HOMEBREW Digest #1618 Fri 30 December 1994

Digest #1617 Digest #1619

		Rob Gardner, Digest Janitor

  Style Guidelines - Whats in them?!?!!? ("Robert W. Mech")
  Yeast Sediment and Clearing (Tom Wadsworth)
  Lee Bussy Reply (M.Marshburn/D202)
  Kitchen brewing vs. Basement/garage brewing (How come the future takes such a long time to come when you're waiting for a miracle  29-Dec-1994 1013 -0500)
  Brewing Fridge (MR PETER E MISIASZEK)
  repitching and cold trub (Jim Busch)
  Virgin (S=Bills)
  Grain Mill (MatthewX G Stickler)
  Re|  First Time (Robert.Fike)
  Low SG Remedy -- Honey (eric addkison pendergrass)
  Jail Brew / Sweet Trippel (Rich Larsen)
  Bells yeast / Steam jacket kettl (TomF775202)
  BREWS ("Lee Bussy")
  Jail house brew (CLAY)
  FAQ for begginer (Will Paynter)
  A warning. (Erik Speckman)
  First batch (Philip Gravel)

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---------------------------------------------------------------------- Date: Thu, 29 Dec 1994 05:59:34 -0600 (CST) From: "Robert W. Mech" <rwmech at eagle.ais.net> Subject: Style Guidelines - Whats in them?!?!!? For quite a while now, ive been searching for Style Guidlines that INCLUDE what should go into a particular style. Does such a thing exist? I know spencers beer page carries the AHA 1994 Style guidelines, but that gives me NO CLUE as to what should go into each style. I hear from alot of people that part of the BJCP is that you must formulate a recipie acording to a style. Yet Ive been unable to find anything that would give you the style, and the appropriate things that go into one. Im sure these people dont just "Guess". If its in non-electronic form somewhere, could somone clue me in as to what/where to get it. TIA Rob - All grain brewer who has no clue what to put into his beer! :-) Return to table of contents
Date: Thu, 29 Dec 1994 09:17:08 -0500 (EST) From: Tom Wadsworth <twadswor at moose.uvm.edu> Subject: Yeast Sediment and Clearing I'm a beginner and just racked and bottled my second batch last evening. It's an Imperial Stout that started at 1.095 and finished at 1.025 after fermenting for 9 days at 65 deg in the primary carboy (5 gal, glass). The question I have concerns clarity. Although I was very careful when siphoning, the bottled beer is not immediately as clear as was my first batch (a medium ale) at the same stage. I was thinking that it might be wise to rack into a second carboy after fermentation winds down and then wait 4 or 5 days to rack and bottle. Any thought on this? Decanting is no problem from the bottle, however I'd prefer to have a minimum amt. of yeast sediment. Regards. Tom W. ++++++++++++++++++++++++++++++++++++++++++++++++++++++++++++++++++++++++++++++ + Thomas Wadsworth | Phone: (802) 656-2861/3560 + + Dept of Pathology & Lab. Medicine | FAX: (802) 656-3509 + + Medical Center Hospital of Vermont | e-mail: twadswor at moose.uvm.edu + + Burlington, Vermont 05401 | + ++++++++++++++++++++++++++++++++++++++++++++++++++++++++++++++++++++++++++++++ Return to table of contents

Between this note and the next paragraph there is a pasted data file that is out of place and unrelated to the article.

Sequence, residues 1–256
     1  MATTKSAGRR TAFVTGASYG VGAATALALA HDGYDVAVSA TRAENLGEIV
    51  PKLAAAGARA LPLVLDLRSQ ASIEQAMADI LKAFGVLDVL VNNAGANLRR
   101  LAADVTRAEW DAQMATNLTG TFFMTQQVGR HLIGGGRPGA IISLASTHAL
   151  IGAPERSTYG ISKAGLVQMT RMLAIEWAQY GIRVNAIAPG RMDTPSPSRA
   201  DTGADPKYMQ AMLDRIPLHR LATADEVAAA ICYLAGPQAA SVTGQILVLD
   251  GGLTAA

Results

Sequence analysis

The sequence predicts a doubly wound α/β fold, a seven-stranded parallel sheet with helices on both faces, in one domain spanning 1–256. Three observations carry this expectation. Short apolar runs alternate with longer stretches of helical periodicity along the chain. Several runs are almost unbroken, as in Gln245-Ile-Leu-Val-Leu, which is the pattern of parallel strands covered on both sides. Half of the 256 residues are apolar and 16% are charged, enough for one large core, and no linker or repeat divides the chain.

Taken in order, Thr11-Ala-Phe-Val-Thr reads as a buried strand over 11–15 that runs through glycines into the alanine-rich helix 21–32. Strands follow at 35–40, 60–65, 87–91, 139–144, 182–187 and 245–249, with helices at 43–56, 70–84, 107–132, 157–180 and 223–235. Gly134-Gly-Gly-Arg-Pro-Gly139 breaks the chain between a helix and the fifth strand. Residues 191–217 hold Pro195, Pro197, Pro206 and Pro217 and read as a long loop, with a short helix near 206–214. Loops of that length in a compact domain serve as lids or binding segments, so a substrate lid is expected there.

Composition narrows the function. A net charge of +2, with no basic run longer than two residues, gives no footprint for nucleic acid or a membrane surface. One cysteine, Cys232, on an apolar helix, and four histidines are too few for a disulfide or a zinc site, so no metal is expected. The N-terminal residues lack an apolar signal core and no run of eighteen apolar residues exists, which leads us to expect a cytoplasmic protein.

Date: 29 Dec 94 8:25:13 EST From: M.Marshburn/D202 at cgsmtp.comdt.uscg.mil Subject: Lee Bussy Reply I brewed a partial mash red bock. It's fermenting happily away in my garage. This is my first brew using one of the high AA hops, Eroica 1oz, as boiling hops. I added increments and finish of homegrown tettnang 2oz total. Regrew a thick slurry of bavarian pils yeast from a real good red lager I made in Sept. My hydrometer slipped and busted on the garage floor, so no readings. I'll let it ferment till the 31st, rack to secondary and place in the fridge for 6 weeks. By then maybe I'll have replaced the hyro and start taking readings. The recipe 5lb american 2 row 1lb 10l crystal 1lb carapils 2 3.3lb bags NW gold LME 1oz eroica boil 1/2oz tettnang boil 1/2oz tettnang +20 1/2oz tettnang +40 1/2oz tettnang steep 10mins bavarian pils yeast slurry, temp in garage 40-50F 3 step mash, added LME to hot sweet wort, brought to boil, added boiling hops. Wort tasted great before pitching, was pale red in color. I'm expecting great things from this brew. The hop schedule may not be to style, but it was all I had. Any comments??? M.Marshburn/D202 at cgsmtp.comdt.uscg.mil Return to table of contents